What you thought was going to happen, sometimes doesn’t happen. My 1995 surgery resulted in the doctor moving some of my donor hair to a place where I had specifically told him I did not want transplants moved. I emphasized this requirement in many pre-surgery consultations, including the moments prior to surgery. Although the amount of mis-placed hair was small and this wasn’t a major problem, it was very unnerving to have had my instructions ignored or forgotten. I had dismissed this as a one-time-only mistake, but I have since discovered other patients of this doctor who had similar experiences. In one of those cases, the consequences were much worse than mine. This may not happen very often in this industry, but now you have been warned that it can happen.

There are important questions to ask, and the answers will be discouraging. I recommend that anyone considering hair transplantation for the first time ask their prospective physician(s) the following questions before committing to the surgery:

Question # 1: Is there any data, collected by an objective, independent 3rd-party, to demonstrate what percentage of your (and/or the hair transplant industry’s) past patients are (a) delighted with their results, (b) satisfied with their results, (c) dissatisfied with their results, and (d) miserable with their results?

Question # 2: If my hair transplants don’t produce at least satisfactory results, will you be willing to pay all lifetime costs for my hairpiece? If yes, are you willing to put this in writing?

Of course, the answer to both questions will be NO. Although you won’t have a statistical measure, you will have a better intuitive idea of the real success rate of hair transplant surgery and how much the surgeon believes in his own work. The answer to Question # 1 is NO, because the results would be embarrassing to the doctors, even if they never made those results public. The answer to Question # 2 is NO because the disappointment rate is too high to sustain a profitable business, so warranties are out of the question. The answers to Question #1 will remain NO as long as the desperate men who sign up for this surgery don’t demand this kind of information.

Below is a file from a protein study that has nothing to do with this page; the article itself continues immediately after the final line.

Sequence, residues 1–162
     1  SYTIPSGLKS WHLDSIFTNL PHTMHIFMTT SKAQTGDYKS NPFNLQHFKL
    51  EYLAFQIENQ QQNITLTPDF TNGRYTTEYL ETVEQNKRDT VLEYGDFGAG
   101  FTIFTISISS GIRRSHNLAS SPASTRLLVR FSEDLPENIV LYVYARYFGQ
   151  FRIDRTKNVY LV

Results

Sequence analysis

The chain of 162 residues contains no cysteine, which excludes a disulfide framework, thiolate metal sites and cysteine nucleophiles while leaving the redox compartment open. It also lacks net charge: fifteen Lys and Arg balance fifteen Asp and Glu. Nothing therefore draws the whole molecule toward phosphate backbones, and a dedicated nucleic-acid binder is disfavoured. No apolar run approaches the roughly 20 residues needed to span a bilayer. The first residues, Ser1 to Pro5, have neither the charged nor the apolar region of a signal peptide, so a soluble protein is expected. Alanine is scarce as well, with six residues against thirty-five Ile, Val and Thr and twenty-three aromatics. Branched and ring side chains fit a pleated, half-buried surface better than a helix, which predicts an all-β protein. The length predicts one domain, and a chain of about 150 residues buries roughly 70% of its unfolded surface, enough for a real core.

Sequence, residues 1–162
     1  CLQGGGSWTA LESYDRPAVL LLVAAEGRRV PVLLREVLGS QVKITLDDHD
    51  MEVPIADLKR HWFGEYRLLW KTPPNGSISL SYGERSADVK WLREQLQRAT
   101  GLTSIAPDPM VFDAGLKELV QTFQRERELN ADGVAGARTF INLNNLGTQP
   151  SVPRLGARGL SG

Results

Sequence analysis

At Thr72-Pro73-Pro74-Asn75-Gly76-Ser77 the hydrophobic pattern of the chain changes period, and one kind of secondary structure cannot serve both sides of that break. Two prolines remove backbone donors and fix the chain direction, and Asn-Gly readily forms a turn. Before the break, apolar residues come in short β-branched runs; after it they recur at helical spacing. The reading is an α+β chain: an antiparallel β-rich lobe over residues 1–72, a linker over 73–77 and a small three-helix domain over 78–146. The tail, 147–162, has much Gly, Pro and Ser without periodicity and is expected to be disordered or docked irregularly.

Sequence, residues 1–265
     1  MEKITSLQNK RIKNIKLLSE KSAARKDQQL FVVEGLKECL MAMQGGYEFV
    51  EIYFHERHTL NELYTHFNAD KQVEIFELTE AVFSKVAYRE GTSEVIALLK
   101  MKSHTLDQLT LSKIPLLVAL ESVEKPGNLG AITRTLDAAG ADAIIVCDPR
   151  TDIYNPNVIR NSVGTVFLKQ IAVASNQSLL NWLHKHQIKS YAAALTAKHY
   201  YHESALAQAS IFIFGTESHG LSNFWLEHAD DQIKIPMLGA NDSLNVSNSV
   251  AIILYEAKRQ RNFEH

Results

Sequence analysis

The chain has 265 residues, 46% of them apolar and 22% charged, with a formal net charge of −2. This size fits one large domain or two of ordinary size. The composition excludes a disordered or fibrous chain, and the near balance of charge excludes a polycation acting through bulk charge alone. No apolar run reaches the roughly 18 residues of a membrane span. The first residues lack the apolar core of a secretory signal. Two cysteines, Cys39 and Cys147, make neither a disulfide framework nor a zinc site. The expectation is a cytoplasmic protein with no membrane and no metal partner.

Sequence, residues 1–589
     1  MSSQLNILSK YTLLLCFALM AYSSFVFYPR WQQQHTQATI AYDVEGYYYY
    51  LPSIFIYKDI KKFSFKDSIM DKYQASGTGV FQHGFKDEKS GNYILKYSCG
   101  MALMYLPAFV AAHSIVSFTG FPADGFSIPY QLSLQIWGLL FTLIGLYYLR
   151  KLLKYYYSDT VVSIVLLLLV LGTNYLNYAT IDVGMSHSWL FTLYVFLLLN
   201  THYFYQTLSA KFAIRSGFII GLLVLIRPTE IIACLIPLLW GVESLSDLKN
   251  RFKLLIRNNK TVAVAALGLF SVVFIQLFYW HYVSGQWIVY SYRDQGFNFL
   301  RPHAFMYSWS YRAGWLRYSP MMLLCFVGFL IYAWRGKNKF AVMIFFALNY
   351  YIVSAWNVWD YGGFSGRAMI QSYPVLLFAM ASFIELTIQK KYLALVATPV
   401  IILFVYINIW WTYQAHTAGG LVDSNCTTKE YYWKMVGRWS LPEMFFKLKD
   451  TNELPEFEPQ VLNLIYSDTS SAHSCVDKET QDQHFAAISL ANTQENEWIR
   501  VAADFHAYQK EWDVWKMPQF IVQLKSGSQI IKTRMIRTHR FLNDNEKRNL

The answers to Question #1 must be supplied by an objective, independent, 3rd-party organization in order for consumers to have confidence in them. We’re all familiar with “Nielsen Ratings”, a system used to gauge viewership of programs for use in selling television advertising. Who pays the A.C. Nielsen Company to perform this service? Both consumers (advertising consortiums) & sellers (TV Networks). They both share in the cost to ensure fairness to both sides. Unfortunately, a similar system for hair transplantation is not feasible at this time. The sellers (hair transplantation doctors) already have a good idea that the results of such a survey would be unflattering, and the consumers (prospective patient community) aren’t organized at all, let alone organized enough to consider financing half of the costs for the research. In hindsight, having an answer to Question #1 seems like such a basic, fundamental prerequisite to going forward with this surgery. Yet, it apparently doesn’t occur to most men who undergo the procedures. Why? Panic & fear of hair loss overwhelm such common-sense thinking. Implicit (& misplaced) trust that no doctor will let you go forward with something that isn’t appropriate and safe. Also, there is an underlying assumption that the privacy of past patients can never be violated. That is true in terms of publicly disclosing their medical/cosmetic history, but I see no confidentiality or stigmatic issues in the case of a discretely conducted survey to better understand the aftermath of their experiences. In this case, the days of a ‘hands-off’ attitude toward past patients should be over. Don’t you think you should know the real success rate of a procedure that is going to make a permanent change to your appearance? Especially a procedure that will extend over several years, cost many thousands of dollars, and is purely elective.